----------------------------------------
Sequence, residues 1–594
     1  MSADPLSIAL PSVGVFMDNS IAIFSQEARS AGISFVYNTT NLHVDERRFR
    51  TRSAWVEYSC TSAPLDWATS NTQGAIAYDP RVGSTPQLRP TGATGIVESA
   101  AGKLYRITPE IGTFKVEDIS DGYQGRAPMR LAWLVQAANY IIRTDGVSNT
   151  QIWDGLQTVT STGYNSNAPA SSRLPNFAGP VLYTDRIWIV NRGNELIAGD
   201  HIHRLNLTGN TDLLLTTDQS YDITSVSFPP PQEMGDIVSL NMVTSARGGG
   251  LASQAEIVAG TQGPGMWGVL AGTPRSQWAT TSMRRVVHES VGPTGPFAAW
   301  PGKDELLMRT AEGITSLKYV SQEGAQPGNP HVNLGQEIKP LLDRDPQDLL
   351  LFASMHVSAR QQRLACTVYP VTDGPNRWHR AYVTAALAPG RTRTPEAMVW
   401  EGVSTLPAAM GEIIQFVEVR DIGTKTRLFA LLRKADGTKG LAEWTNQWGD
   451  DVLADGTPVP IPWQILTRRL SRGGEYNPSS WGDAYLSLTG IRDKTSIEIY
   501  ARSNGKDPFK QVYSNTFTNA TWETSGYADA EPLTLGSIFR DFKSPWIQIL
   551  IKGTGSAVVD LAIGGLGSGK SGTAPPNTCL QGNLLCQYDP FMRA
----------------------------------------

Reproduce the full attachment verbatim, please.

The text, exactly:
Sequence, residues 1–594
     1  MSADPLSIAL PSVGVFMDNS IAIFSQEARS AGISFVYNTT NLHVDERRFR
    51  TRSAWVEYSC TSAPLDWATS NTQGAIAYDP RVGSTPQLRP TGATGIVESA
   101  AGKLYRITPE IGTFKVEDIS DGYQGRAPMR LAWLVQAANY IIRTDGVSNT
   151  QIWDGLQTVT STGYNSNAPA SSRLPNFAGP VLYTDRIWIV NRGNELIAGD
   201  HIHRLNLTGN TDLLLTTDQS YDITSVSFPP PQEMGDIVSL NMVTSARGGG
   251  LASQAEIVAG TQGPGMWGVL AGTPRSQWAT TSMRRVVHES VGPTGPFAAW
   301  PGKDELLMRT AEGITSLKYV SQEGAQPGNP HVNLGQEIKP LLDRDPQDLL
   351  LFASMHVSAR QQRLACTVYP VTDGPNRWHR AYVTAALAPG RTRTPEAMVW
   401  EGVSTLPAAM GEIIQFVEVR DIGTKTRLFA LLRKADGTKG LAEWTNQWGD
   451  DVLADGTPVP IPWQILTRRL SRGGEYNPSS WGDAYLSLTG IRDKTSIEIY
   501  ARSNGKDPFK QVYSNTFTNA TWETSGYADA EPLTLGSIFR DFKSPWIQIL
   551  IKGTGSAVVD LAIGGLGSGK SGTAPPNTCL QGNLLCQYDP FMRA